What We Learned After Week 8 Of Mountain West Football
Eleven teams in action and we learned a bit more on each team.
Somethings stay the same and some change.
After Week 8 we think we’d know a lot more about each team in the Mountain West but that is not the case for every team in the league.
Air Force – Just insert anyone at quarterback for the Falcons and they will be fine. That was the case when the Falcons went to backup Mike Schmidt who came in for an injured Donald Hammond III. This adds another capable signal-caller as he was 5 of 6 for 147 yards with a touchdown. in the air and had command of the option offense by rushing for 120 yards on and three touchdowns.
Also, the Falcons seemingly are now magic as is the case with this interception.
Boise State – Hank Bachmeier is the clear starting quarterback and Boise State needs him to win games. Chase Cord just didn’t seem ready in this game more often than not. He had some good stretches like the first drive but he made too many bad throws that resulted in BYU scoring points. Also, the defense getting fooled by a number of trick plays and not being disciplined.
Fresno State – The defense is back? Well, maybe. The Bulldogs did force five turnovers but it was against a UNLV team that does not have a great offense. This is a sign that the Bulldogs are at the very least average overall in the league and well ahead of the bottom third of the conference.
Hawaii – Defense lets them down again for the second straight week. This week it was Air Force’s option attack that beat them in the air and on the ground. The Warriors were sucked in on the ground game by allowing 6.9 yards and that led to 24.1 yards in the air against the Falcons backup quarterback.
Nevada – Malik Reed‘s second start at quarterback did not go as well as his first one. His two interceptions led to a pair of Utah State touchdowns, but it also doesn’t show well when the offense was 4 of 18 on third downs. Playing a good Utah State defense was always going to be a struggle with Reed making his first road start of his career.
New Mexico – Lobos went back to playing two quarterbacks this week with Sheriron Jones and Tevaka Tuioti. Combined they did fine with 203 yards and a touchdown. The problem is that the Lobos could not finish drives. The yards were there but New Mexico was just 4 of 12 on third downs.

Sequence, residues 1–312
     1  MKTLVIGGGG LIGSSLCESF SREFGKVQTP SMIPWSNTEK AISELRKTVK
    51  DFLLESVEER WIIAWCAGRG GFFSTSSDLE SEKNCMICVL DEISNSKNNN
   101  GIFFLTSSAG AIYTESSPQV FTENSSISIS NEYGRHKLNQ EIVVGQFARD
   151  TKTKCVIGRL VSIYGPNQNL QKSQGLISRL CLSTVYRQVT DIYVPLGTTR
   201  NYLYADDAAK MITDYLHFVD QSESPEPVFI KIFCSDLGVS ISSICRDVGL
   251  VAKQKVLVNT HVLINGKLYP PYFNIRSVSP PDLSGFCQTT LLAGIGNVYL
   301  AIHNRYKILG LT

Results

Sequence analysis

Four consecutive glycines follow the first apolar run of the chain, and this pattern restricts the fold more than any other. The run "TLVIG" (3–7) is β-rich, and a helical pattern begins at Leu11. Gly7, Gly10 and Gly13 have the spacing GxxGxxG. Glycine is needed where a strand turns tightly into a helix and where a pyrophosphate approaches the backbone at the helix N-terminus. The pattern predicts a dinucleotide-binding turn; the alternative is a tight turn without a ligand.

San Jose State – Once again the Spartans were close but not close enough in the 10-point deficit against San Diego State. The Spartans defense held the Aztecs defense down and allowed just 88 yards in the air and if not for a 50-yard touchdown run that unit would have had an exceptional game. The difference in this game was a handful of plays, including allowing an Aztecs special team’s touchdown.
San Diego State – Big plays defined the win over San Jose State. Chase Jasmin had a 50-yard touchdown run and Kaegun Williams had a 95-yard touchdown run. The ground attack was a bit better and Juwan Washington showed a slight improvement from the past few weeks with 78 yards on 16 attempts to boost his average. Quarterback play went back to inconsistent with 88 yards thrown by Ryan Agnew.
Wyoming – For the first time all year quarterback Sean Chambers not only passed 50 percent for a game but he ended up completing 9 of 15 passes which comes out to 60 percent. The yardage was not there with just 86 yards but he was more efficient and had a touchdown. It is baby steps but getting above 50 percent is the next step.
Utah State – Defense turned opportunities into points. Two turnovers forced by the Aggies against Nevada led to a pair of touchdowns and the unit also got a safety. The running game saw the return of Jaylen Warren and he and Gerold Bright had a big game as the duo rushed for 199 yards and a pair of touchdowns by Bright. That running game running on all cylinders is what this Aggie teams need.
UNLV – Offensive woes continue to hurt the Rebels. UNLV was close throughout against Fresno State and it was just a 28-20 game but then three straight turnovers happened and it led to 21 points for the game to be a blowout.